Promotional checks are written in an attempt to make fraudulent behavior appear legitimate. Promotional checks are written for a variety of different reasons including the lottery, credit cards, awards, mystery shopping, and sweepstakes giveaways.
Fraudulent promotional checks are sent through the postal mail or email claiming that individuals won the lottery. The prize is typically large in size and came from nowhere. If an individual did not enter a lottery drawing, then a random check is likely fraudulent. A promotional check for a sweepstakes is similar to that of a lottery check. The sum of money awarded is significant, and it comes about abruptly.
The promotional checks provided in Internet scams are bogus, but appear to look legit. Victims take these checks to nearby banks for deposit and end up in debt. The individual who deposits the checks is liable for the debt that is accrued through the process. The check can be drawn from an actual account that belongs to a real person and still be fraudulent. If the promotional check is copied or written against the will of the account holder, the bank will catch on.
Other schemes that use promotional codes include job offers for personal or executive assisting. A scheme artist posts fake jobs in which an individual can assist a professional with errands, wire transfers, and supply pick ups. The schemer claims to be an executive out of the country on business who needs extra help. The job of the personal or executive assistant is to wait for packages to be sent full of checks that the assistant must cash.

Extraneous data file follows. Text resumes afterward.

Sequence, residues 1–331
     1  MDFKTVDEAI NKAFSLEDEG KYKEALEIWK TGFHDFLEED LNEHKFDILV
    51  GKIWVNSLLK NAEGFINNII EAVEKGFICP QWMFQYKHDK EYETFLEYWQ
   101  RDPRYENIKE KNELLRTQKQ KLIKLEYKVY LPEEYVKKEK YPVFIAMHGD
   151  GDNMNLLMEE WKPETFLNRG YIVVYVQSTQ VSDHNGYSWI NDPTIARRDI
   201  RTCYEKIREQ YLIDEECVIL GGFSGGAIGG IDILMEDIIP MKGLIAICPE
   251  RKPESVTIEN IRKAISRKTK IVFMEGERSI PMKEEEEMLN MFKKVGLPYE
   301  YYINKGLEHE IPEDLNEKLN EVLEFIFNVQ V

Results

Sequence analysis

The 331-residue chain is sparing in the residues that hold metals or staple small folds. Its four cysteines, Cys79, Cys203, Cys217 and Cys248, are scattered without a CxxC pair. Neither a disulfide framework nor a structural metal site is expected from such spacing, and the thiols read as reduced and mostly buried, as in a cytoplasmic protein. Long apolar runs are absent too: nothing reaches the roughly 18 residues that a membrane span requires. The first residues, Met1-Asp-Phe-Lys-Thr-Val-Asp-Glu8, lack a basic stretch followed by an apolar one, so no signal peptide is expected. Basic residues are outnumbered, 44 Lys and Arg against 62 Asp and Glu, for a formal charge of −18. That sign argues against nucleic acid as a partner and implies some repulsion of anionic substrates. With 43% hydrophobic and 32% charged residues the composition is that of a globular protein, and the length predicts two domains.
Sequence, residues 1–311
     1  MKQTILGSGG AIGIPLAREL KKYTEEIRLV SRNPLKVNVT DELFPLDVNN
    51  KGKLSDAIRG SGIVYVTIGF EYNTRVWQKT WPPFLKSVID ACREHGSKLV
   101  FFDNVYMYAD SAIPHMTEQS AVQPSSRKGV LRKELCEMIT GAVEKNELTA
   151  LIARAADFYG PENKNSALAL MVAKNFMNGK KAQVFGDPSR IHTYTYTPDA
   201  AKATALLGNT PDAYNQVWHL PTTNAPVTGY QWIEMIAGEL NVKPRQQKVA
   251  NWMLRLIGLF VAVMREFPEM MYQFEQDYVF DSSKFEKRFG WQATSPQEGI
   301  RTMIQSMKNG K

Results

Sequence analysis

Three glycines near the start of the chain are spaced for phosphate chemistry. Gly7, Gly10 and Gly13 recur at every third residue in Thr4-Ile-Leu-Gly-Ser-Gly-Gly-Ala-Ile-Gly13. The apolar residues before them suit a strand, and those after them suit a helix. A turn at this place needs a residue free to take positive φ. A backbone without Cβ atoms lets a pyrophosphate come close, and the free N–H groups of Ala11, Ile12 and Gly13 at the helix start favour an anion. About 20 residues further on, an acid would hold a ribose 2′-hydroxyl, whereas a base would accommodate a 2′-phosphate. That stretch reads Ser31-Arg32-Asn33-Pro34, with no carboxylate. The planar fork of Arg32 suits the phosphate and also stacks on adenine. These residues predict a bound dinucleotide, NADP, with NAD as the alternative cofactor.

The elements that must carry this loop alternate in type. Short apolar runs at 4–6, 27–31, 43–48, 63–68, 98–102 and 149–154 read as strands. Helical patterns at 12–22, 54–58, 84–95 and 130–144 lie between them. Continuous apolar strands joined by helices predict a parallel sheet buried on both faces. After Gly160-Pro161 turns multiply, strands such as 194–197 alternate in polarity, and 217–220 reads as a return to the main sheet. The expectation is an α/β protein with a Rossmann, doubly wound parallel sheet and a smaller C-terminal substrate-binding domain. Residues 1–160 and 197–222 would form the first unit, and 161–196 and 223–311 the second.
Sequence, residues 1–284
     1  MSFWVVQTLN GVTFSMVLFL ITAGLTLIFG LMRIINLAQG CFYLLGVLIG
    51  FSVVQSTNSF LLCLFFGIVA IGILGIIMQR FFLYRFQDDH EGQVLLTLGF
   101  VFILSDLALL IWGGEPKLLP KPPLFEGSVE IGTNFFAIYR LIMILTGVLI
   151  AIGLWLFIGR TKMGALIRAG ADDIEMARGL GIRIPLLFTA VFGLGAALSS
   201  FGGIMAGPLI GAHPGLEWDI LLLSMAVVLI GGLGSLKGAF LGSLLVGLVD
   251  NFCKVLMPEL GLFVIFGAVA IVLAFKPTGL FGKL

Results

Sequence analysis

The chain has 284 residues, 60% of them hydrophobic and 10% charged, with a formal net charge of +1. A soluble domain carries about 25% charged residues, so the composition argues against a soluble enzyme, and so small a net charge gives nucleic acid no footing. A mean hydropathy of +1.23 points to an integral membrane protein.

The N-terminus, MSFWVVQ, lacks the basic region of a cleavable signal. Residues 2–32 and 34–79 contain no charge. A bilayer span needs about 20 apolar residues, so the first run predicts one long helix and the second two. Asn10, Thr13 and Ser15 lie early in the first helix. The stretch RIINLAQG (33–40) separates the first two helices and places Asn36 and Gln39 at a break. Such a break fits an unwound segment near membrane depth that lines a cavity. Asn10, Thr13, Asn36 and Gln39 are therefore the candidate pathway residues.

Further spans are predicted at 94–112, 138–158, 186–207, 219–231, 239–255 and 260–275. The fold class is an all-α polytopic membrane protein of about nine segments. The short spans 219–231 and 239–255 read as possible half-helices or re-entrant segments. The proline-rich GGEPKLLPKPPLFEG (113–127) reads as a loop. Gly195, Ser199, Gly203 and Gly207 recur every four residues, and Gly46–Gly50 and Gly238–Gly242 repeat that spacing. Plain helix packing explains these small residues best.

When the promotional check arrives, the personal assistant is required to take them to the bank, cash it, and then wire it through Western Union, while keeping a small amount for payment. Unfortunately, after wiring the money, the assistant receives an account statement that is negative the exact amount of the promotional check. The assistant then must pay the bank back, while the schemer gets off without being tracked down.
The scheme artists that write promotional checks use other names, addresses, and accounts when issuing payment. In addition, they use aliases initially, when posting the job online. This allows the schemer to commit fraud while remaining anonymous. This also leaves the victim with debt in the majority of promotional check cases.
The lack of solid information makes tracing the culprit who is guilty of fraud impossible. Writing a promotional check is an easy way in which schemers commit mail fraud. The risk of getting caught is minimal and the victim almost always loses money.